I followed the link, there is exactly 1 (one) review. Since when does 1 (one) equate to a few?
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Old 05-06-2015, 11:44 AM
 
1,385 posts, read 1,306,056 times
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There are also seven on the amazon.co.uk listing for the book. Sorry, i should have made this more clear.

Quote:
Originally Posted by plwhit View Post
BTW OP, the link you posted to Amazon and your statement:



I followed the link, there is exactly 1 (one) review. Since when does 1 (one) equate to a few?
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Old 05-06-2015, 06:22 PM
 
Location: State of Transition
87,832 posts, read 81,589,805 times
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Quote:
Originally Posted by Ken S. View Post
There are also seven on the amazon.co.uk listing for the book. Sorry, i should have made this more clear.
So, OP, are you saying Sykes is a charlatan? Does that mean his books on Brit DNA are invalid?
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Old 05-06-2015, 06:37 PM
 
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Uh, no -- I'm saying that the reviews for this new book are claiming that the book isn't living up to what it claims to reveal.

I have read much of Seven Daughters and personally I find his writing fluffish and overly speculative.
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Old 05-06-2015, 07:17 PM
 
Location: State of Transition
87,832 posts, read 81,589,805 times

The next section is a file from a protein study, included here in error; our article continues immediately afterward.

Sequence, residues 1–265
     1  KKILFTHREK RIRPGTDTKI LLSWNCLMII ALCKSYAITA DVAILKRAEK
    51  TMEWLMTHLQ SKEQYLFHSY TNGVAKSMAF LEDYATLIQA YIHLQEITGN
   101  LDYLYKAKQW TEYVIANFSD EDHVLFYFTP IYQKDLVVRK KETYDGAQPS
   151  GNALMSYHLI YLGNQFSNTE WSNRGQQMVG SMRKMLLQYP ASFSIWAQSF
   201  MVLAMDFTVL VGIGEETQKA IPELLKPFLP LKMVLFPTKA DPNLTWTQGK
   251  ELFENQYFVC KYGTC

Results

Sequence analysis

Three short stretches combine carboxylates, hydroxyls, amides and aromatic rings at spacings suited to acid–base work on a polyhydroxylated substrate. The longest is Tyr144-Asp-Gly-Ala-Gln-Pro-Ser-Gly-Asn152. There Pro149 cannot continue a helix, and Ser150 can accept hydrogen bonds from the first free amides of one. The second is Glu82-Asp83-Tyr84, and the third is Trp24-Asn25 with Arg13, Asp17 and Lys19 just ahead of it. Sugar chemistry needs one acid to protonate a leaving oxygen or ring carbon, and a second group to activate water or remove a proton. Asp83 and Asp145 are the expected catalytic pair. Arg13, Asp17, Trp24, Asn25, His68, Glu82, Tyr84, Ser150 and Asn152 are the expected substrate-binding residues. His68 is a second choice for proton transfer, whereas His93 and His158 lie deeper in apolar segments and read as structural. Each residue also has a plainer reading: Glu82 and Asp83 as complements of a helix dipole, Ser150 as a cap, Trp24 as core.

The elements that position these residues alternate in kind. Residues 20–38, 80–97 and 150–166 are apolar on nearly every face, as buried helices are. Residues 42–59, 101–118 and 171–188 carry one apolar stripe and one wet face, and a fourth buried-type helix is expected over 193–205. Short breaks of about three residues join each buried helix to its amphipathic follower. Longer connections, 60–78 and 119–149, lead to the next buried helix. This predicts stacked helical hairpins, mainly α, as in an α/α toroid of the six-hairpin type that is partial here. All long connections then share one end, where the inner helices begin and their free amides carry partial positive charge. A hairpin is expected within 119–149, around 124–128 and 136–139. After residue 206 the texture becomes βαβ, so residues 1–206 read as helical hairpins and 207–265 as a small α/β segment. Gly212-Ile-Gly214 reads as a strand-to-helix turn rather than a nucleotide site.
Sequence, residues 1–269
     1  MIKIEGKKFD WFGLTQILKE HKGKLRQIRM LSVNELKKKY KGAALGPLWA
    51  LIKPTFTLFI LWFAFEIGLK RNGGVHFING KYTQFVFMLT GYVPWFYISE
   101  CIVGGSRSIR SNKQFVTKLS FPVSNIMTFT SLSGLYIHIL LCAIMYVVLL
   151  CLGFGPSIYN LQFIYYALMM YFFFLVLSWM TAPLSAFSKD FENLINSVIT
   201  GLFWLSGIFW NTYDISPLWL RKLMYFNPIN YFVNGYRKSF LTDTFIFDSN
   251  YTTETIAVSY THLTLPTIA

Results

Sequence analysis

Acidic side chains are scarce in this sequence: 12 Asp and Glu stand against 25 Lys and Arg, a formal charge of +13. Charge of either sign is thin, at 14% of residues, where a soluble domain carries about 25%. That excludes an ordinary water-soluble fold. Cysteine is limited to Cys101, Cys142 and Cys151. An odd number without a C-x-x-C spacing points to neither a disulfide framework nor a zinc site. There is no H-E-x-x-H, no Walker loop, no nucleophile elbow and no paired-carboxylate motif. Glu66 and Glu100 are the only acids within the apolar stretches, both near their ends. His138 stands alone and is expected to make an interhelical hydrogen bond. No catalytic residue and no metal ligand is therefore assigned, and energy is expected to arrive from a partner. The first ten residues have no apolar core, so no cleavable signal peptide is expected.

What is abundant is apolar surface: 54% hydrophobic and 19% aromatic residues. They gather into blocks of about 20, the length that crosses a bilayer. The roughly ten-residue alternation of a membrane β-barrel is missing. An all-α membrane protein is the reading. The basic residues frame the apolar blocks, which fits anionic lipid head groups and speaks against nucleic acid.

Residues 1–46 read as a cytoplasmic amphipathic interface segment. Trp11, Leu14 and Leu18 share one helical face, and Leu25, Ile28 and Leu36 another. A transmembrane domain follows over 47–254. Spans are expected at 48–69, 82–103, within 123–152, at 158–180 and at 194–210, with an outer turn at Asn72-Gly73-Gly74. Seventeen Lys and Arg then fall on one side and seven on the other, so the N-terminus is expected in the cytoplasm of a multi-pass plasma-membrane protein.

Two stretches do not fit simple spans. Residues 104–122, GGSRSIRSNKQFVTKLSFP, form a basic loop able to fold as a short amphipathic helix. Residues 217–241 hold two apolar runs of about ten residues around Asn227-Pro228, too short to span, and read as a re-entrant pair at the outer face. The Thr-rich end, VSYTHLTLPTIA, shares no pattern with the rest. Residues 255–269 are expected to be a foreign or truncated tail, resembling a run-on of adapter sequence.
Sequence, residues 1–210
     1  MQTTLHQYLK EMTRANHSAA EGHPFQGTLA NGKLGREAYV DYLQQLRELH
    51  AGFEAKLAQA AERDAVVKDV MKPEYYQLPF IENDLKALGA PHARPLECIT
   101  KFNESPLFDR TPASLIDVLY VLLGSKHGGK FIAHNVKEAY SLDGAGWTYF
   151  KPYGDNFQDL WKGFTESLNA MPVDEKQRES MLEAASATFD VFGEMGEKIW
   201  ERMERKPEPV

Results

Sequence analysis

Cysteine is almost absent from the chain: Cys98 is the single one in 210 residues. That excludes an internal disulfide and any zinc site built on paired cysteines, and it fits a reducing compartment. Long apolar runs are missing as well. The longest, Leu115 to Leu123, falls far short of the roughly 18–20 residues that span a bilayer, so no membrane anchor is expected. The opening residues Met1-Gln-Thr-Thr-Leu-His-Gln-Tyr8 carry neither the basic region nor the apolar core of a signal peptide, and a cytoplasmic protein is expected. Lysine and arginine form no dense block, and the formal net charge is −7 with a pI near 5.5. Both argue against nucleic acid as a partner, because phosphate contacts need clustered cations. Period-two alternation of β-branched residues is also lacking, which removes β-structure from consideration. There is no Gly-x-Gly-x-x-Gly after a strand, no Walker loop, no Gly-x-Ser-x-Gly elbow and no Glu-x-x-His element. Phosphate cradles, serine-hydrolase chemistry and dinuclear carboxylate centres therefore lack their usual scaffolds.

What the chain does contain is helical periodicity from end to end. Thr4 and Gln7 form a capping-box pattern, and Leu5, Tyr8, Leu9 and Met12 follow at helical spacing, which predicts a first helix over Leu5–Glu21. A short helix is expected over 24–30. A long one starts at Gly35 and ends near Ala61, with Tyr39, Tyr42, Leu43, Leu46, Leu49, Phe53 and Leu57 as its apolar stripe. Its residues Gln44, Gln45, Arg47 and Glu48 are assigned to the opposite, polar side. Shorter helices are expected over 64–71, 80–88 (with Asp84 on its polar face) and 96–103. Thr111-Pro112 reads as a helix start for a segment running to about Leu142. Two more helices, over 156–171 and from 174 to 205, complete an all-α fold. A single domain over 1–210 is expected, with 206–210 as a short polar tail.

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Quote:
Originally Posted by Ken S. View Post
Uh, no -- I'm saying that the reviews for this new book are claiming that the book isn't living up to what it claims to reveal.

I have read much of Seven Daughters and personally I find his writing fluffish and overly speculative.
Oh, I guess it wasn't you. Someone else posted this:

The Sunday Times subsequently reported that the Institute of Genetics at Oxford University, which Sykes had used as his affiliation for the Royal Society article, did not exist.


Have you read Stephen Oppenheimer's book on Brit DNA?
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Old 05-07-2015, 08:03 AM
 
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That wasn't me. I haven't read Oppenheimer's book, but after starting the thread I decided to or Sykes' "Saxons, Vikings, and Celts".
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Old 05-07-2015, 05:15 PM
 
Location: State of Transition
87,832 posts, read 81,589,805 times
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Quote:
Originally Posted by Ken S. View Post
That wasn't me. I haven't read Oppenheimer's book, but after starting the thread I decided to or Sykes' "Saxons, Vikings, and Celts".
Well, I've read somewhere that Oppenheimer's book is now obsolete, as more and more becomes known about DNA analysis. (There have been some challenges to his thesis that part of the Isles were populated by sea migrants from the Iberian Peninsula.) That would probably be true about Sykes' work, too. It's time someone wrote on the topic with the more refined knowledge that researchers now have about how to interpret DNA. But I was curious how you'd compare Sykes' books to Oppenheimer's, since there seems to be some question about Sykes' qualifications.